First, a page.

Librarians and other fair-use advocates have written key congressmen to ask for a hearing on the so-called "broadcast flag."
The FCC adopted the flag, which is embedded in receiver technology, to prevent unauthorized distribution of copyrighted digital transmissions, but a court threw out the rules saying the FCC was not authorized to mandate the receiver technology because it was post-transmission.
That was the decision the fair use advocates backed, but Congress is preparing DTV transition bills that could potentially reinstate the rules by giving the FCC the express authority to do so.
In the letter, which went to the chairman and ranking member of the House and Senate Commerce Committees, the groups said:
"[T]he issues raised by the flag regime for technology and copyright policy are too complex and far-reaching to be addressed by Congress in a hurried manner.
"The broadcast flag regime would reach not just the design and manufacture of televisions, but also that of digital devices networked with televisions, including personal video recorders, personal computers, and Internet enabled mobile phones.... [T]here is a substantial risk that the flag regime would restrict users from engaging in a wide variety of fair uses critical to public affairs, education, and culture."
The groups are also concerned about a push by the record industry to adopt a similar flag regime for radio.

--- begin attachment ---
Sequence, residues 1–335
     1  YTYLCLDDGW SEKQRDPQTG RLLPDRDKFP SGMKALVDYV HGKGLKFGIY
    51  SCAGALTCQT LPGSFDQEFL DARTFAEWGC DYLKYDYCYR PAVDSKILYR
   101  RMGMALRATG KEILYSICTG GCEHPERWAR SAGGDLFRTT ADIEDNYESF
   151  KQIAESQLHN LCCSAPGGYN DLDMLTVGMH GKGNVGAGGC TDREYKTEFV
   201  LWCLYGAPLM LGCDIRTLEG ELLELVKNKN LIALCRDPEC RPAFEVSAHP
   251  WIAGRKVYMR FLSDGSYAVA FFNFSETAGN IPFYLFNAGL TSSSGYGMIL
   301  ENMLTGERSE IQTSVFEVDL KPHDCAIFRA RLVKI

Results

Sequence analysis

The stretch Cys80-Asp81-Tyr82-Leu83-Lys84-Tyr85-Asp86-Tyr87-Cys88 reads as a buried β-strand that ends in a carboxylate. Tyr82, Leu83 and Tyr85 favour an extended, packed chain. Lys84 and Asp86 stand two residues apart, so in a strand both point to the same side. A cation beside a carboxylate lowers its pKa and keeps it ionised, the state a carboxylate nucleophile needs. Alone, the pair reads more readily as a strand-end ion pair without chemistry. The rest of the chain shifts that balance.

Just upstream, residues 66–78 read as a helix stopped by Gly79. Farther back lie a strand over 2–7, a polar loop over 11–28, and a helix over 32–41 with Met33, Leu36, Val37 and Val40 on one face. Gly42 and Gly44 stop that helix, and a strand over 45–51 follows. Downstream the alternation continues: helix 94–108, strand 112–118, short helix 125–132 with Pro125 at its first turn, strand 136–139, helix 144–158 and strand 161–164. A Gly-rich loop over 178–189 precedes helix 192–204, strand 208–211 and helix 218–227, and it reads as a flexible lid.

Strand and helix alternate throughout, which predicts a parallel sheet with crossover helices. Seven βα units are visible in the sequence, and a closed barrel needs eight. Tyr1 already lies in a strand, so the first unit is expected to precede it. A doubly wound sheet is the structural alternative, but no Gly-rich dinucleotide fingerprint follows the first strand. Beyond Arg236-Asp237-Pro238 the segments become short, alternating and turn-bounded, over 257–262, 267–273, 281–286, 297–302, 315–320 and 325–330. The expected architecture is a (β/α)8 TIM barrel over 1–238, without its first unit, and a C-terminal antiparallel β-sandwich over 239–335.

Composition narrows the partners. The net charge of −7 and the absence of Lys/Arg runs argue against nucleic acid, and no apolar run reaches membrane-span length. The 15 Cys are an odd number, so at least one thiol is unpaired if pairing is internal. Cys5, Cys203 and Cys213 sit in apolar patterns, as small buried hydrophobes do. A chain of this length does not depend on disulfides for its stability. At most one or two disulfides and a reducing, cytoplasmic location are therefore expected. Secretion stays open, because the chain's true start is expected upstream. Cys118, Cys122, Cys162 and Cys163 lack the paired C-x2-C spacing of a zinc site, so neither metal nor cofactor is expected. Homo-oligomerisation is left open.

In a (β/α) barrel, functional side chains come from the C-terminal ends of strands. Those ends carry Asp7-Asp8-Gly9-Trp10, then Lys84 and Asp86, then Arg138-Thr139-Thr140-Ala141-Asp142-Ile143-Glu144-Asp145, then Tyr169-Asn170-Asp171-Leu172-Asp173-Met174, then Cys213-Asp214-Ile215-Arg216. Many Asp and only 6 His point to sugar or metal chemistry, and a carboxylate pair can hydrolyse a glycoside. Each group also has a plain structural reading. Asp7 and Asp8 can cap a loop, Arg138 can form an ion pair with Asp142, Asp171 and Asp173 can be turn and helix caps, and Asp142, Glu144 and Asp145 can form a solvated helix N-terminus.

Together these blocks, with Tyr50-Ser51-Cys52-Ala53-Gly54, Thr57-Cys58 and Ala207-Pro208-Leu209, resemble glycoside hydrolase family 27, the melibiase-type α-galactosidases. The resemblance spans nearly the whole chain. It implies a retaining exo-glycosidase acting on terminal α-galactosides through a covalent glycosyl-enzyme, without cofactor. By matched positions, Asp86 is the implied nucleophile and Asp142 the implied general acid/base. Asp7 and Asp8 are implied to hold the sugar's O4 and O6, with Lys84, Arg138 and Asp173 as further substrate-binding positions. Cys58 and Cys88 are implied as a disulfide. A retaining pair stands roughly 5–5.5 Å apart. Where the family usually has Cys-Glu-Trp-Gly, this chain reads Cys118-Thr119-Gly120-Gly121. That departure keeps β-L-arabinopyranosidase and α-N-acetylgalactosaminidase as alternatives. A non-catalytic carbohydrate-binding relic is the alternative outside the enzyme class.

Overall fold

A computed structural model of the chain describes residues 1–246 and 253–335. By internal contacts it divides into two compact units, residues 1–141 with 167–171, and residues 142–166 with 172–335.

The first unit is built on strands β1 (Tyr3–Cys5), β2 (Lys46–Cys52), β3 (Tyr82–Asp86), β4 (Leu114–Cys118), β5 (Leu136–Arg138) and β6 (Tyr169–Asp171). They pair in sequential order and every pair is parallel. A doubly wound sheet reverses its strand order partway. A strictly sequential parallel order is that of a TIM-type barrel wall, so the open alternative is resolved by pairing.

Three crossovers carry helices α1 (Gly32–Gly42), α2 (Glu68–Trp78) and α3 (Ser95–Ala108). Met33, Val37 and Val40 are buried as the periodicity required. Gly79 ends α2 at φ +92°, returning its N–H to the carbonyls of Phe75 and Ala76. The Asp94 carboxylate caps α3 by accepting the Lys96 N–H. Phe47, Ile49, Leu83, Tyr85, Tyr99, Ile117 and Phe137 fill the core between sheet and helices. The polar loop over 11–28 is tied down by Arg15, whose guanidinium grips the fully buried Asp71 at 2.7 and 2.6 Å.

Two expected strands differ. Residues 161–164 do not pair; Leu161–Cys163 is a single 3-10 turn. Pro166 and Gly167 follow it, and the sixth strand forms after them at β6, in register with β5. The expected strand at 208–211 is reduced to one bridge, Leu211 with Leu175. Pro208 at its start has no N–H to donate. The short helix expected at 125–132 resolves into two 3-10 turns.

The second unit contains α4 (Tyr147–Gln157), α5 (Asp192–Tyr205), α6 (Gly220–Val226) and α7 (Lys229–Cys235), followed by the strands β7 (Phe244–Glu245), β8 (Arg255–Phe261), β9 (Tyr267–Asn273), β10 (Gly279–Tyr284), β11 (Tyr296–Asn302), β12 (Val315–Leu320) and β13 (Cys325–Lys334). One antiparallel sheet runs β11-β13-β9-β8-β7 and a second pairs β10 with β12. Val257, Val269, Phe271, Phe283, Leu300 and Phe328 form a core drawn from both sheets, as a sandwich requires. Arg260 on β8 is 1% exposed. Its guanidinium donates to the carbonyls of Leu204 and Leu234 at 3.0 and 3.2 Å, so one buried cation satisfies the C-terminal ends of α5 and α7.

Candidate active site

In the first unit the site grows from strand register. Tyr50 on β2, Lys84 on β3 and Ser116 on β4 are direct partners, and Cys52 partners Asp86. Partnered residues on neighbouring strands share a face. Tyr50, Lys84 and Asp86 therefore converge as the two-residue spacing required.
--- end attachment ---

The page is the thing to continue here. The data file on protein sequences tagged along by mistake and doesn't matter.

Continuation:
"We believe that the Committee should conduct hearings on the flag regime," they wrote. "Although the broadcast flag concept has been touched upon in a few hearings, no congressional committee has conducted an in-depth investigation of the significant technology and information policy questions the flag raises."
Studios and broadcasters argue that the flag is critical to the digital transition because, without copyright protection, their content is prey to widespread piracy. Fair-use advocates counter that the flag is overprotective and innovation-chilling.
Signing the letter: the American Library Association, American Association of Law Libraries, Association of Research Libraries, Center for Democracy & Technology, Consumers Union, Electronic Frontier Foundation, Medical Library Association, Public Knowledge and Special Libraries Association